If the Commission is satisfied that the acquisition will not have, or would not be likely to have, the effect of substantial lessening of competition in a market, the Commission will grant clearance for the acquisition.
The Commission has a standard application form (PDF) for authorisations. The form contains information about the application procedure and cost, and when completed, will provide the Commission with critical information to inform its analysis. Once the completed form is received with payment, the Commission then commences an investigative process including research and interviews with competitors, customers, suppliers and interested parties to the proposed acquisition, and undertakes legal and economic analysis.
The Commission will issue a draft determination outlining its initial view of the authorisation application and seeking submissions from interested parties. Following the draft determination, the Commission will usually conduct a conference where interested parties are invited to present to the Commission. The Commission will then complete its analysis and issue a final determination.
If the Commission cannot be satisfied that the public benefit directly attributable to the proposed acquisition outweighs any detriment, it must decline to grant an authorisation. If the Commission declines to grant an authorisation, parties have the right to appeal the Commission's decision to the High Court.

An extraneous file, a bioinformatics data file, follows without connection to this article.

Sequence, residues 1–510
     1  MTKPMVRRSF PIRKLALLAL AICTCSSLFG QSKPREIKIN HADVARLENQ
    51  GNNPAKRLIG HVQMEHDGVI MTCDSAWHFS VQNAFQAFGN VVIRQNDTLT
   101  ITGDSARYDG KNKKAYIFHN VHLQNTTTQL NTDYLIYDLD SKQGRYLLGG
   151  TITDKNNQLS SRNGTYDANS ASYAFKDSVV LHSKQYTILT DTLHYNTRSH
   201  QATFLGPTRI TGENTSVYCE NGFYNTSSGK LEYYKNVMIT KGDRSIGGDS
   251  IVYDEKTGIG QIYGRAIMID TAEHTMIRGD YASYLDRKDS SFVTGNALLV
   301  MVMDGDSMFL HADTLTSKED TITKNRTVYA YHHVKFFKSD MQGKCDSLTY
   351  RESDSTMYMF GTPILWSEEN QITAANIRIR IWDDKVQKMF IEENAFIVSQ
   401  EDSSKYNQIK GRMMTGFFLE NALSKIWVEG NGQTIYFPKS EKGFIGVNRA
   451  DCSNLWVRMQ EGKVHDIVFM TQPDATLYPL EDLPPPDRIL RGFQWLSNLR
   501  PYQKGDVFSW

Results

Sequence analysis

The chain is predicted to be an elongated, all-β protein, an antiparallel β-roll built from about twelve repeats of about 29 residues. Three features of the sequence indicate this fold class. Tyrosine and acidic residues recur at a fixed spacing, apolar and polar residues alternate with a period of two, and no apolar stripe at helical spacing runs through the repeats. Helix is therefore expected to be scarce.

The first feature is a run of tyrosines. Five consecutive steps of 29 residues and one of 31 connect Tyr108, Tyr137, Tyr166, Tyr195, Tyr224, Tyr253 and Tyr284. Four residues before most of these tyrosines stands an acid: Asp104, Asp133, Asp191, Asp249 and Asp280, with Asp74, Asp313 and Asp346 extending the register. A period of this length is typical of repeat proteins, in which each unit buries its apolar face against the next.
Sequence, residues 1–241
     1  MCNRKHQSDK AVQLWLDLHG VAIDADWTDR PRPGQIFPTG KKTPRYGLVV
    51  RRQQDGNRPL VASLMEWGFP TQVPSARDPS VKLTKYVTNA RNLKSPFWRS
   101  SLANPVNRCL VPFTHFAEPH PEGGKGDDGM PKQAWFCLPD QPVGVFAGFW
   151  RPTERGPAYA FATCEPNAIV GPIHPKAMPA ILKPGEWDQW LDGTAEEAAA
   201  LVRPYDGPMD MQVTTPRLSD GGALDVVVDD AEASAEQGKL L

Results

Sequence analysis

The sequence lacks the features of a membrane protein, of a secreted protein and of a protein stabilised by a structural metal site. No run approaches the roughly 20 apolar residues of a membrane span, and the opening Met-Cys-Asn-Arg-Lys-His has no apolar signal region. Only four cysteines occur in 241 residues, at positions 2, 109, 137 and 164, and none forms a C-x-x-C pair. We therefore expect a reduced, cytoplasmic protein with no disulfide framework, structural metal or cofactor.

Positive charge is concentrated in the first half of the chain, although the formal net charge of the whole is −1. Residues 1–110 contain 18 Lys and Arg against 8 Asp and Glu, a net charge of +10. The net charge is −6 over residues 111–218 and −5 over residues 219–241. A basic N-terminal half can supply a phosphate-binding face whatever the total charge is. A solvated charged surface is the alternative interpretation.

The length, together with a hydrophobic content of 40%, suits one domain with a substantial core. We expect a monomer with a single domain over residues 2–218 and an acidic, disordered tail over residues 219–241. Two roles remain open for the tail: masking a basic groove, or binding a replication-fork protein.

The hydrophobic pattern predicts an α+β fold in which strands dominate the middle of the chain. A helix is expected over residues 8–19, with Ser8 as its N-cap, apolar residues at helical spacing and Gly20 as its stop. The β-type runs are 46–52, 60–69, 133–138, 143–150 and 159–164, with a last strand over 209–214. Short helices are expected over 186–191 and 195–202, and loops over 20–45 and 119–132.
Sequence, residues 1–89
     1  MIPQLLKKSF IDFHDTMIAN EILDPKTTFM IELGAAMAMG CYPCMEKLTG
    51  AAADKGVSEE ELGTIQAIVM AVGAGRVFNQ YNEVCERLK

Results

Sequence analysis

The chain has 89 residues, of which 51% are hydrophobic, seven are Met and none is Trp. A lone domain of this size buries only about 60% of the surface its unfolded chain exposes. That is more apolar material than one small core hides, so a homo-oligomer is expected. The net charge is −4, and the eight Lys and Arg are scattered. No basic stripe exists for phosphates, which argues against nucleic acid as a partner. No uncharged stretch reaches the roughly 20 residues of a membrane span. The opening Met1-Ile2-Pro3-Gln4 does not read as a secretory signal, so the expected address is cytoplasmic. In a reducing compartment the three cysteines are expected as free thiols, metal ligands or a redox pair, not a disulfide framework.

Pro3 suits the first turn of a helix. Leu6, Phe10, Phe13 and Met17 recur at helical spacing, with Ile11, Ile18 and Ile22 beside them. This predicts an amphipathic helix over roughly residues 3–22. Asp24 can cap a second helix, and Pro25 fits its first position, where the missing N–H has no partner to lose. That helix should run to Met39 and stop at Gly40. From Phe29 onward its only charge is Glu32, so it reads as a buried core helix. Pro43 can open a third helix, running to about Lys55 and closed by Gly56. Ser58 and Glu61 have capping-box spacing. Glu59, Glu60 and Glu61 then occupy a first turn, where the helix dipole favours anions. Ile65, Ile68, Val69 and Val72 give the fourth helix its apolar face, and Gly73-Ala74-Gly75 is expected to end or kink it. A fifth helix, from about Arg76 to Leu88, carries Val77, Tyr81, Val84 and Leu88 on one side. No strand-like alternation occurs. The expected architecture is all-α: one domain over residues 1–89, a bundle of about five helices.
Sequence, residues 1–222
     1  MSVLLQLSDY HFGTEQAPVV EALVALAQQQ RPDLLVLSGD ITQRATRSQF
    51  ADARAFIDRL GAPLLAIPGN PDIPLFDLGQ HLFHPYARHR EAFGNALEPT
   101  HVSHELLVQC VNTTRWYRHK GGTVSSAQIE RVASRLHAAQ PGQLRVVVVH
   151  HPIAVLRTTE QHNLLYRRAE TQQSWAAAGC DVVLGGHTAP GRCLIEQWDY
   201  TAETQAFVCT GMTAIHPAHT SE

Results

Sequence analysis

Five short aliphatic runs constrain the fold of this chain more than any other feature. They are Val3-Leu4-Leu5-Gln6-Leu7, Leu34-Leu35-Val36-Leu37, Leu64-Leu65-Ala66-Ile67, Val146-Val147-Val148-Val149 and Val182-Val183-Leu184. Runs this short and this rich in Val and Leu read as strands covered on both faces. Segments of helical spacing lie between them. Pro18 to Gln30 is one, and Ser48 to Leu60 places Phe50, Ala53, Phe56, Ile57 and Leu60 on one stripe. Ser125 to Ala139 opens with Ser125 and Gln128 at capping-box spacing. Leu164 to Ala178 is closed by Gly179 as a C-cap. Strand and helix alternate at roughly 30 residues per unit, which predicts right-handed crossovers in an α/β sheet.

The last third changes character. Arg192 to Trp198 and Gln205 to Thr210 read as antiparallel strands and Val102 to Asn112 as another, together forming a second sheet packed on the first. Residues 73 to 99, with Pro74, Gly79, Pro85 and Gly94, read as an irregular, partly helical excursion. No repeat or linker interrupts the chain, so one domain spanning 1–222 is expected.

The Act specifies that the Commission should reach a decision on an authorisation within 60 working days of its receipt, or a longer period as agreed with the applicant. The actual timeframe is highly variable, dependent on the complexity of the authorisation in question and the Commission's workload.
The Commission aims to make decisions on straightforward authorisation applications as quickly as possible. Applications for streamlined authorisation must meet certain criteria. The Streamlined Authorisation Guidelines set out a streamlined process for such applications.
The Mergers and Acquisitions Authorisations Register contains a full list of all applications for authorisation received by the Commission, along with the Commission's determinations.
The Commission appreciates advance notice of authorisation applications. If you intend to apply for authorisation, please contact the Commerce Commission at firstname.lastname@example.org.
The Commission publishes guidelines to help businesses understand the authorisation process. Guidelines provide in-depth information about rules and practices relating to authorisations.
Update: The Commission is currently consulting on draft Authorisation Guidelines which include the Benefits and Detriments Guidelines. More information about the consultation can be found on the Authorisation Guidelines page.
The authorisations guidelines include:
The development of new guidelines for the analysis of public benefits and detriments has been put on hold.
These guidelines set out a streamlined process that will enable the Commission to make a decision on straightforward authorisation applications as quickly as possible.
This guidance clarifies the costs implications for parties who take legal action to challenge a determination issued by the Commission.